Claim 2: fees for advice makes it costlier than commissions which are “free”

Even more perplexing is the assertion the agent made in her original Tiktok video that fees for advice would make things more expensive, while commission-based advice is “complimentary”. I hope by now it is obvious that commission-based agents don’t work for free, and commissions are indeed paid by those buying a financial product. On the contrary, most people might be shocked at how much commissions they are paying their agent. 

Consider that a commission-based agent would need to see multiple prospective clients before making a sale. Even with a relatively decent closure rate of 40%, 6 in 10 people do not pay the agent. Again, people don’t work for free, so who is picking up the tab for the time and effort spent planning for these 6 clients? Those who do end up buying the product, of course, would have to pay enough commission such that it is worthwhile for agents to continue facing rejection after rejection to make their next sale. Under a commission-based system, those who buy products end up subsidising the work done for everyone else who doesn’t, so which is a costlier engagement?

Now, insurance agents and self-styled financial consultants are some of the most hardworking people I know, and they are often extremely resilient folk who face plenty of rejection. Under a commission-based system, they are not paid at all for every single person they are unable to close a sale on. Yet, they are also often the most vocal in support for commissions. What are the possible reasons for them supporting a system that does pay them despite the numerous occasions they don’t make a sale?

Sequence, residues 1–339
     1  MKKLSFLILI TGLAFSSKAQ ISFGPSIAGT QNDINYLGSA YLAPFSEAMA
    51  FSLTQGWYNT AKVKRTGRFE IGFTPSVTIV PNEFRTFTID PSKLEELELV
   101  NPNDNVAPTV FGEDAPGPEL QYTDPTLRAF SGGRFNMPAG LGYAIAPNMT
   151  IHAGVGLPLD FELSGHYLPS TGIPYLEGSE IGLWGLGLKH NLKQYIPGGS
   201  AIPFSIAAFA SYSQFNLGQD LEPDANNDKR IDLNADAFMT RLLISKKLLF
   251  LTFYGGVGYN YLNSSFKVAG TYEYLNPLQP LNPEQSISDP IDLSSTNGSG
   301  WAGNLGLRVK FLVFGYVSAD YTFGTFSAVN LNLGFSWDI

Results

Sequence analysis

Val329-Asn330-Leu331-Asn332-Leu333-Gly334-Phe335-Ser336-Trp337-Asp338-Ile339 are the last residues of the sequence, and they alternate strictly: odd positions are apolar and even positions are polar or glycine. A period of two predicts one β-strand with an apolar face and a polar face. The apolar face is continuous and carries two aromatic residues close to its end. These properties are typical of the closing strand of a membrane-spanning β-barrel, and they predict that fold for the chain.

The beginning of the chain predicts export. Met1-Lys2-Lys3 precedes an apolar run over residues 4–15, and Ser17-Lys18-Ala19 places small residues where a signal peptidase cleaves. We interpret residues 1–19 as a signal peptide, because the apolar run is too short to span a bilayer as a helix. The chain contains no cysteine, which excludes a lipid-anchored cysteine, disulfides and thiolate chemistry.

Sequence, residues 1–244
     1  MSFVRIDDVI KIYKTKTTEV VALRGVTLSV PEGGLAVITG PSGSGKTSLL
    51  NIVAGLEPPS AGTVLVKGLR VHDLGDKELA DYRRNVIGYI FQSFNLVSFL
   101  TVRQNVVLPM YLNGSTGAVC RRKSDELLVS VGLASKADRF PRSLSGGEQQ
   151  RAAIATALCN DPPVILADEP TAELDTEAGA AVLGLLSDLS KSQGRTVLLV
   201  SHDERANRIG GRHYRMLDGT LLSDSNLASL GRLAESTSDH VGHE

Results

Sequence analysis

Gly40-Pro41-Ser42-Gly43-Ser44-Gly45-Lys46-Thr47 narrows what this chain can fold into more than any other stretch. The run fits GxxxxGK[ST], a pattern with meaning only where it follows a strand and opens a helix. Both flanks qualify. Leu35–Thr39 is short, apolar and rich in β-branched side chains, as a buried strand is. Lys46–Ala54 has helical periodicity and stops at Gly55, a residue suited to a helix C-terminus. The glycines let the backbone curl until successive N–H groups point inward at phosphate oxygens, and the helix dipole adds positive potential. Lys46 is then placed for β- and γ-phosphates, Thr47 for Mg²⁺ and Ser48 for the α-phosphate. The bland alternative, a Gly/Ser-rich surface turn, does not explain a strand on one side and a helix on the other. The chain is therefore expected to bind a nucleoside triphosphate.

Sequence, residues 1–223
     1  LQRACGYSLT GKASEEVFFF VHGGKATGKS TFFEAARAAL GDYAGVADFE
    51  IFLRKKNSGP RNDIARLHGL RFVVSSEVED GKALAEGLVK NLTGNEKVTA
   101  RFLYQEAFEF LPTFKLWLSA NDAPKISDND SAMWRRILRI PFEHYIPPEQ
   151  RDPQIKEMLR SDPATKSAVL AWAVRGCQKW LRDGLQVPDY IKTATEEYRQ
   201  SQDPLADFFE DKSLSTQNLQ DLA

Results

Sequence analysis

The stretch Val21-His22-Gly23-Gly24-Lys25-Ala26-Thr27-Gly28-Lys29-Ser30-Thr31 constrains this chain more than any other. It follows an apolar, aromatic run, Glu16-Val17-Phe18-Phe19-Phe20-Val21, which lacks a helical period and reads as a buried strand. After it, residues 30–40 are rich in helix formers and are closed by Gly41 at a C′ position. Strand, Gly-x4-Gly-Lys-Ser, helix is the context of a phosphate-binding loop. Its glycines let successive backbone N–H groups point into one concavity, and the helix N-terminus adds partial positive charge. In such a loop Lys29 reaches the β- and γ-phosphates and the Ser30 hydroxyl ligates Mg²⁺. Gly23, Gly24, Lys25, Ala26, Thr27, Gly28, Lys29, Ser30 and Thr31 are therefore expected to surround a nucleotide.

Seth
Seth

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So what can consumers do?

A comment left on my TikTok said that the entire industry needs to be revamped, but I doubt that’d happen anytime soon. Consumers can only count on themselves to do their own due diligence – ask your agent or adviser in writing how much they are paid and research extensively whenever you are recommended a product. The Telegram is also a good place to get opinions of other people on financial products.

While we can largely rely on the advice of our doctors, lawyers or fitness trainers where the clash of interest is lower, it’s wiser not to expect anything but product-oriented advice when it comes to dealing with commission-based practitioners. It’s not to say that every single person drawing commissions is unethical and practise only to serve their own interests, but when you pay with peanuts, it‘s foolish not to expect monkeys. Likewise, if you pay commissions, expect salespeople more than unbiased advisers. The key is to stay informed, ask tough questions, and ensure that the advice you’re getting truly aligns with your financial goals and interests.